Reviewer: Connie Payne
Title: One True Love - 3rd in the Belles of Timber Creek series
Author: Lori Copeland
Publisher: Avon Inspire
Release Date: March 2010
Genre/Sub-genre: Inspirational Historical Romance
Year/Setting: Post Civil War, Texas and in to Colorado
Overall Rating: 3.0
Sexual Content Rating: None
Language (Profanity/Slang) Content Rating: None
Violent Content Rating: Negligible/Minimal
Lori's Website/Blog: www.loricopeland.com
Some might say Copper Wilson is willful, prickly, and maybe selfish. Josh Redlin is too much of a gentleman to say these things out loud. Yet somehow in other ways of speech and deed he seems to be able to covey whatís not said and raise Copperís hackles with next to no effort at all. Sheís very happy heís on his way to Colorado with his wagon train and out of her life. He was a nuisance.
A dire accident places Copper in Joshís care, on his wagon train. The doctor in Beederís Cove doesnít have the skills to see to her injury so sheís on her way to Fort Riceson and the only doctor who does have the skills to heal her.
Filled with anger and pain, Copper slowly comes to terms with her injury and the fact that she may never walk normally again. She also learns that time is of the essence as each day that passes her ankle begins its awkward healing process and any damage may be permanent. Of course itís one delay after another and what isnít the fault of nature is the fault of Josh Redlin. Heís infuriating.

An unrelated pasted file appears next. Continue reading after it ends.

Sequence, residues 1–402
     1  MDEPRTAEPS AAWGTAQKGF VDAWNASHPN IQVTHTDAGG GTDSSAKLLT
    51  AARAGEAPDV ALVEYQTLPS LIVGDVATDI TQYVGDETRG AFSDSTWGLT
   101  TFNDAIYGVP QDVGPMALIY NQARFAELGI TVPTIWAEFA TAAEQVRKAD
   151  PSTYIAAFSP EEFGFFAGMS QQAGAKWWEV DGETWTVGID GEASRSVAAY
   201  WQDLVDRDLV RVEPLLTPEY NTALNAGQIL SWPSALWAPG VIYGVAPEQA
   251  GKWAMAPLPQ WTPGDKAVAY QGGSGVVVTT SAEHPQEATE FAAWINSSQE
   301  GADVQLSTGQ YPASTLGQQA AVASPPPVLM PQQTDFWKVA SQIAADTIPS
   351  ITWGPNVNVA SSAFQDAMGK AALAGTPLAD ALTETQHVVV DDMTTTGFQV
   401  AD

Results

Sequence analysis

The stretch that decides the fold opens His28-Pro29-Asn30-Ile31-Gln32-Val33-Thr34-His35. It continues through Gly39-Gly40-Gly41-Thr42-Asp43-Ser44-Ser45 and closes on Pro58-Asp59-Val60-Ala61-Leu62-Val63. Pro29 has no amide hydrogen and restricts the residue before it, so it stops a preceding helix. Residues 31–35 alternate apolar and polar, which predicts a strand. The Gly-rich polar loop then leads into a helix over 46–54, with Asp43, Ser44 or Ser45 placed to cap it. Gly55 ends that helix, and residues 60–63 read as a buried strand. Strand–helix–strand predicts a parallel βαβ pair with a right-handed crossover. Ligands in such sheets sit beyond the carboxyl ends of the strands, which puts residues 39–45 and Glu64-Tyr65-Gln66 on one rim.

One set of circumstances opens Copperís eyes to her past and current behavior, startling her, making her ashamed. With a new resolve to view things differently and trust that God knows what Heís doing, she tries to accept each situation, though itís a monumental struggle filled with plenty of backsliding.
While specific things are beyond the scope of this readerís belief, Ms. Copeland evokes many emotions from the reader through Copperís behavior and outlook: frustration, sympathy, admiration, and irritation to name a few. Copper is prickly and selfish, but she also becomes aware of it and makes an effort to change. When things ultimately donít go her way, the faith disappears and the world-weary chip on the shoulder takes its place, much as it is in our daily lives when we donít recognize who we should put our trust in, who has a plan that is greater than ours.
I applaud Ms. Copland on her efforts to inspire and encourage and entertain her readers through the difficult lessons and triumphs of her characters.
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